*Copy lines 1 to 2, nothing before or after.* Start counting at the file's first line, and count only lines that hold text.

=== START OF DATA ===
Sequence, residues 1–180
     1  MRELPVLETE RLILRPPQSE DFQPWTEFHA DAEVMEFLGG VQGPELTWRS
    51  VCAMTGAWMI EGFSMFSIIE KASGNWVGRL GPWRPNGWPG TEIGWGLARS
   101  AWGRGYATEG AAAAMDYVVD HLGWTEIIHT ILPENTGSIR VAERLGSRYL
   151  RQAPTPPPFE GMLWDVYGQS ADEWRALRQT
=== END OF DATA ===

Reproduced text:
Sequence, residues 1–180
     1  MRELPVLETE RLILRPPQSE DFQPWTEFHA DAEVMEFLGG VQGPELTWRS